Jun 13, 2015


This evening I’ve been thinking about Jen. I met her when we were both 17, as part of a Roots program – a summer trip to Israel for US-based Jewish kids, cross-sponsored by their parents and some Jewish agency or other. I liked Jen, though we weren’t close; she was a smiling, friendly girl, petite and pretty, and the kind of hairless, fair skinned white-blonde you rarely see in Israel. Through the haze of decades, I only have one clear memory of talking to her. We were discussing how everyone had got on the program, and Jen told us that her stepdad is Jewish, and because he raised her and she loved him, she considered herself Jewish too, hence the desire to connect to her ‘roots’. I remember thinking – and I wouldn’t be surprised if I said it, too, I wasn’t the most tactful teenager – that this is obviously wrong. You have to be born Jewish or convert to Judaism, you can’t just be Jewish-by-association. It’s not a family club membership! But I didn’t resent her for it or anything, like I say she was a very nice person and we all sort of shrugged our shoulders and accepted her strange desire to be associated with something that to us spoke most strongly of war, conflict, struggle, even genocide. But you know, different strokes, right? These Americans drove to the synagogue on Shabbat anyway, they were all a bit weird as far as we were concerned.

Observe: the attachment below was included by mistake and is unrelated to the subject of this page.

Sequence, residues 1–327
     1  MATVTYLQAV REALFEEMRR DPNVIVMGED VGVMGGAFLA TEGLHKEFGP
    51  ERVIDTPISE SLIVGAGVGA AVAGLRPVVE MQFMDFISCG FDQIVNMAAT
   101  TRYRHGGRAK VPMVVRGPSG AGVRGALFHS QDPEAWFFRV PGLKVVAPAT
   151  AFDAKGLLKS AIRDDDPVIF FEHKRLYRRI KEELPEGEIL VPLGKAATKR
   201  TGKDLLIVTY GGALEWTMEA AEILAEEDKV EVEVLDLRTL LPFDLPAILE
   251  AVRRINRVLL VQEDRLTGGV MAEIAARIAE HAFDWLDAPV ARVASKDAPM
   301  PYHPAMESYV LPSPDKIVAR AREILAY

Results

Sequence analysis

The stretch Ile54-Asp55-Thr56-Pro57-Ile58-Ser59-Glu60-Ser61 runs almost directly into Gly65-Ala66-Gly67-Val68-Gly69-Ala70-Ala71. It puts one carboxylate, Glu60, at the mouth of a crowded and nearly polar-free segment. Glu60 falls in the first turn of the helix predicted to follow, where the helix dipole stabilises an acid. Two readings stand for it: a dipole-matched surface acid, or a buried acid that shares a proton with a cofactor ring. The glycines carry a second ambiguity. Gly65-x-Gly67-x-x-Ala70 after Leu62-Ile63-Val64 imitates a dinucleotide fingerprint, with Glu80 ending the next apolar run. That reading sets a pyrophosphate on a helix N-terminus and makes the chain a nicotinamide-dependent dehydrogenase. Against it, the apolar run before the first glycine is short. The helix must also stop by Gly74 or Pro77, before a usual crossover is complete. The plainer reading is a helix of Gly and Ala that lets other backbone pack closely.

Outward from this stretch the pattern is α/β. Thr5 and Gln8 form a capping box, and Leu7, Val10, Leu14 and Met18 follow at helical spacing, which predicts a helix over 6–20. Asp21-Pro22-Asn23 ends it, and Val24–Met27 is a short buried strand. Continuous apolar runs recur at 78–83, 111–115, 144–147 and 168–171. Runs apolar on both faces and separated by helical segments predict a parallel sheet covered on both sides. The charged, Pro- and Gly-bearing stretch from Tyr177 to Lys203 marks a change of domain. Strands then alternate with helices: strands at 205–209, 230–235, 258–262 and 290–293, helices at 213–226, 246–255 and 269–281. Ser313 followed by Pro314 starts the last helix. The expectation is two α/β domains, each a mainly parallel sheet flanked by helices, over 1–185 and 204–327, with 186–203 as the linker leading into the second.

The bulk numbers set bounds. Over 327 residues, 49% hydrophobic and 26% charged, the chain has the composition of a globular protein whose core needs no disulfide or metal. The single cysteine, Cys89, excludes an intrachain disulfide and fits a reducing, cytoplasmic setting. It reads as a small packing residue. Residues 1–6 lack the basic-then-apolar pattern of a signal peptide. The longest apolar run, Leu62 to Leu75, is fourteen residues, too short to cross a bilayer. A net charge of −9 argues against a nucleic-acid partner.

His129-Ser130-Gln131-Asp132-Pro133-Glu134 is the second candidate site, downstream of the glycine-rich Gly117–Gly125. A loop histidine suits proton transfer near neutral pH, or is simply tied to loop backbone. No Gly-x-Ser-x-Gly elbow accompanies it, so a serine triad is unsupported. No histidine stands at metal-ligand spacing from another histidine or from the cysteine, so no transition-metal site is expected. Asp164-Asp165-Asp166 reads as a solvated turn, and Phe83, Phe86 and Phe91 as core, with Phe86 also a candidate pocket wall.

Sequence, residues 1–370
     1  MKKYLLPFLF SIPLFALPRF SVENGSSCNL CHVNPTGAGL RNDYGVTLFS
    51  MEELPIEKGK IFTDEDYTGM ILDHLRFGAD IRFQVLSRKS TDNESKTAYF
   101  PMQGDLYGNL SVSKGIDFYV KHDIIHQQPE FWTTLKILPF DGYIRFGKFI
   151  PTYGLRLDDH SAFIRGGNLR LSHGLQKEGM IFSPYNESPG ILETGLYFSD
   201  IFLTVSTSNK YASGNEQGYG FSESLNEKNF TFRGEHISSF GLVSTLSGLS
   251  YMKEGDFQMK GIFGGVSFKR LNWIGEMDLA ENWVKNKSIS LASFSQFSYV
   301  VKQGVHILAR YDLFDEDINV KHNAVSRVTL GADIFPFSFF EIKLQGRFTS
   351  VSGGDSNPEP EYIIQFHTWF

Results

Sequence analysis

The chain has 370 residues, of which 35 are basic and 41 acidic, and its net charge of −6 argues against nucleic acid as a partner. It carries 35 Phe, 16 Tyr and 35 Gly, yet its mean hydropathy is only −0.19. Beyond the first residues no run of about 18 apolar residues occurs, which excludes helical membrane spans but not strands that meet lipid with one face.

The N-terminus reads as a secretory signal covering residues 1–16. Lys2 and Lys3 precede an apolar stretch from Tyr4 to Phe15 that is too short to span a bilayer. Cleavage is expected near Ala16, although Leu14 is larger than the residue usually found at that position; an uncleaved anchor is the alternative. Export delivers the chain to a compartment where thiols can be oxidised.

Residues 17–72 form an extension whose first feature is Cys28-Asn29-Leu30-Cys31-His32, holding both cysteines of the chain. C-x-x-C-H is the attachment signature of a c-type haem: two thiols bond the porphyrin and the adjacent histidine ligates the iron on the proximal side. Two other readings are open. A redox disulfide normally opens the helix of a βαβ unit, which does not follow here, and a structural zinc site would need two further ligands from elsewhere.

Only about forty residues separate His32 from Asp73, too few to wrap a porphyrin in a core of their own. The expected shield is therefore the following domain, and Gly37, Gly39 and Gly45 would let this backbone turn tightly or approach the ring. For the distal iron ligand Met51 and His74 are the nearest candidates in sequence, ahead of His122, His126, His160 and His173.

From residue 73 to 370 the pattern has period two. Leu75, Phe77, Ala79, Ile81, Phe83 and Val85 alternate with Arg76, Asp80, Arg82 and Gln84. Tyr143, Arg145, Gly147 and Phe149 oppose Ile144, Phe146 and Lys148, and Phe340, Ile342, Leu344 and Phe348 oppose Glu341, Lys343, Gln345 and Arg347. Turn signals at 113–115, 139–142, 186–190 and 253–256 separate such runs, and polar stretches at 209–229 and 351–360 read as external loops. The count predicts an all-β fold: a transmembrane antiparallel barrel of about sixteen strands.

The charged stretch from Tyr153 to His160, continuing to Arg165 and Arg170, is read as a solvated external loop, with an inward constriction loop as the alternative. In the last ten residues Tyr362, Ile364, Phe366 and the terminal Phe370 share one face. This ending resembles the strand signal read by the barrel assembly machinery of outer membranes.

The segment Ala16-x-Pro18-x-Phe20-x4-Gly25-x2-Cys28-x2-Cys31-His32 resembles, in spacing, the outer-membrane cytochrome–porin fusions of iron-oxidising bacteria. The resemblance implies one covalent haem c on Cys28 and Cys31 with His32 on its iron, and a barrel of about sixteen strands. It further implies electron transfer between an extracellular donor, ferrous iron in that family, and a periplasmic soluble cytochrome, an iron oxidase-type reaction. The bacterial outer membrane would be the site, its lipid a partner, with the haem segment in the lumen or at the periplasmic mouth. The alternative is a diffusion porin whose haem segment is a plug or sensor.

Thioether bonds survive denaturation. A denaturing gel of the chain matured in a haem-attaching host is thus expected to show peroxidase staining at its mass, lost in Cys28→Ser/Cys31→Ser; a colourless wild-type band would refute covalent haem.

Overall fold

We had a kind of collective Bat Mitzvah ceremony one weekend. We all went to (I think a Reform) synagogue in Jerusalem, dressed appropriately in long skirts and modest t-shirts (it was the Indian fringed skirt era, if anyone remembers that – we all looked as if we were wearing a strange hippy uniform) and did ‘aliya laTorah’ – basically a reading from the synagogue’s big Torah scroll. Actually I think I may have gotten out of that one on the grounds of being an atheist, but again, it was all sort of taken in stride and we had a nice day. For some of the girls it was quite emotional and meaningful, and so again, we didn’t judge them for it.